Author Topic: Have you met those bowlines?  (Read 6926 times)

xarax

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Have you met those bowlines?
« on: July 06, 2010, 12:18:34 PM »
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« Last Edit: December 23, 2010, 03:01:14 PM by xarax »
This is not a knot.

jcsampson

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Re: Have you met those bowlines?
« Reply #1 on: July 07, 2010, 03:42:54 AM »
Yes, I like "Loop-1" the most, also.

It looks like "something that a person who knows how to make knots would make," has a type of Bowstring Loop type of security (which I admire), dresses easily, has a quickly adjustable loop, has an easy means of decompression, and--my favorite--offers the option of putting the tail outside the loop without detracting from security.

There's just one problem: When it's loose, it can convert into something that slips faster than you can say, "Ooops. It's a slip knot."

Evidently, this is why one does need the body that an Overhand structure provides: The Overhand prevents conversion.

Sorry about that. I knew I shouldn't have loosened it and played with it.

JCS

knot4u

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Re: Have you met those bowlines?
« Reply #2 on: July 07, 2010, 07:57:33 PM »
xarax, you should explain your overall motives and/or objectives.

From your previous thread, one or your motivations was having a loop that uses less rope then the Zeppelin Loop.  When I tied your Loop 4, it did not appear to use less rope than the Zeppelin loop. Also, I'm sorry to say that Loop 4 jammed rather easily.

knot4u

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Re: Have you met those bowlines?
« Reply #3 on: July 07, 2010, 09:08:50 PM »
I couldn't jam Loop 5 (the way I dressed it anyway).

jcsampson

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Re: Have you met those bowlines?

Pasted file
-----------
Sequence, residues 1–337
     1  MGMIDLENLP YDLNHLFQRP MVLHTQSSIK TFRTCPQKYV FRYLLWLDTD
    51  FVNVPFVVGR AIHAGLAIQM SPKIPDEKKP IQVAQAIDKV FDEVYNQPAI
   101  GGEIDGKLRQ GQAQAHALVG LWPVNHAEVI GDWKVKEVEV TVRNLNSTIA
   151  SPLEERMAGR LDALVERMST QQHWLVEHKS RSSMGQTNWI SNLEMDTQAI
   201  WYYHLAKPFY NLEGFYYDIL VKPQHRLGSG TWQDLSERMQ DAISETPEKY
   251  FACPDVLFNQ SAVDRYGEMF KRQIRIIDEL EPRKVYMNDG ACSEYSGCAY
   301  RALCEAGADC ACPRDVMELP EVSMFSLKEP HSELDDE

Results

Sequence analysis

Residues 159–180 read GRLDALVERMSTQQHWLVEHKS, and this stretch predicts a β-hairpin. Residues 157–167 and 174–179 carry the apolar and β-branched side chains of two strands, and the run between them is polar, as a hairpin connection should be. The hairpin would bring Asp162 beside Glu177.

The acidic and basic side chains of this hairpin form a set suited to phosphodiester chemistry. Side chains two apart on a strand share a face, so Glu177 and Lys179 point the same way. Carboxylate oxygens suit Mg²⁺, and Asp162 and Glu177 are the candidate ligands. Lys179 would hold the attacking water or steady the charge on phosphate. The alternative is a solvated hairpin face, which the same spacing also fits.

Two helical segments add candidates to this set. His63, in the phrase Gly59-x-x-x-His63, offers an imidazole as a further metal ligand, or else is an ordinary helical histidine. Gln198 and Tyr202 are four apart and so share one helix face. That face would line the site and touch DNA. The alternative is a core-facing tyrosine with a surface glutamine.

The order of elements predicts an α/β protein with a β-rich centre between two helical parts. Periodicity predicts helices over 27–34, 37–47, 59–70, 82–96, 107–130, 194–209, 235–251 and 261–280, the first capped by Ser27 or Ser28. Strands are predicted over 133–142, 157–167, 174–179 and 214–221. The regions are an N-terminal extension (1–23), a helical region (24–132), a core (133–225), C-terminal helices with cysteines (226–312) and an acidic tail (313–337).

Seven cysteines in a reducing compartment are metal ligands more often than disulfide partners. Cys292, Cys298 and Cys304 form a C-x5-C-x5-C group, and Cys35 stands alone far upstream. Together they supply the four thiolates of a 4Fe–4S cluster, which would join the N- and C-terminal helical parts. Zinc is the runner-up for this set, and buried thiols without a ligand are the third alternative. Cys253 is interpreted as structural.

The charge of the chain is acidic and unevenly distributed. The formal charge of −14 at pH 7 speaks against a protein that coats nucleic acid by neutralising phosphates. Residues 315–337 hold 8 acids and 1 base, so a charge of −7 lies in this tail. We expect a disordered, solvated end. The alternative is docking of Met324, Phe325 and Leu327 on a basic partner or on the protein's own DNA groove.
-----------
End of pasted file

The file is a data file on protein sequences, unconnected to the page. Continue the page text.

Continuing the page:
« Reply #4 on: July 07, 2010, 11:38:28 PM »
OK, "Loop 5" is my favorite. Can I call it the "Xarax Bowline"?

JCS

roo

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Re: Have you met those bowlines?
« Reply #5 on: July 08, 2010, 12:12:51 AM »
So far, none of these random knots look much like a bowline, and none of them look very memorable. 

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jcsampson

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Re: Have you met those bowlines?
« Reply #6 on: July 08, 2010, 02:03:29 AM »
Quote from: xarax
"Do you like Loop 4, regardless of its jamming properties? It may well be used as a fishing loop, I guess, like the perfection loop, for example."

Yes, I like Loop 4, too. It's my choice for second place. Can I call THAT one the "Xarax Bowline"? Perhaps I should call it the "Xarax Fourth." It has a nice ring to it and doesn't preclude the "Xarax Fifth," the "Xarax Fifty-Third," etc. With all that combinatorial thinking of yours, I suspect that many more knots are on the way. . . .  8)

JCS

knot4u

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Re: Have you met those bowlines?
« Reply #7 on: July 08, 2010, 02:35:49 AM »
From your previous thread, one or your motivations was having a loop that uses less rope then the Zeppelin Loop.  

   No, it was not ! :) Read again those posts, please..My motivation was having a loop that uses less rope than the relative bend, because loops should be simpler knots than bends, because they have a simpler task to accomplish as they have one less tail to secure. I do not like the use of Zeppeln Loop because it does not use less rope than the Zeppelin bend (among other things, that I will not repeat here).
   Do you like Loop 4, regardless of its jamming properties? It may well be used as a fishing loop, I guess, like the perfection loop, for example.
 

How is it even possible for a loop to use less rope than the relative bend?  Can you give me an example?

You say, "I do not like the use of Zeppeln Loop because it does not use less rope than the Zeppelin bend (among other things, that I will not repeat here)".

Maybe my mind is playing tricks on me, but I think my point is still valid.  Since you don't like to use the Zeppelin Loop because of the amount of rope it uses, then it would follow that you don't like to use loops that use more rope than the Zeppelin Loop.  Your Loop 4 (and some of your other loops) appear to use more rope than the Zeppelin Loop.  Thus, it follows that you should NOT prefer your Loop 4 (and some of your other loops) over the Zeppelin Loop.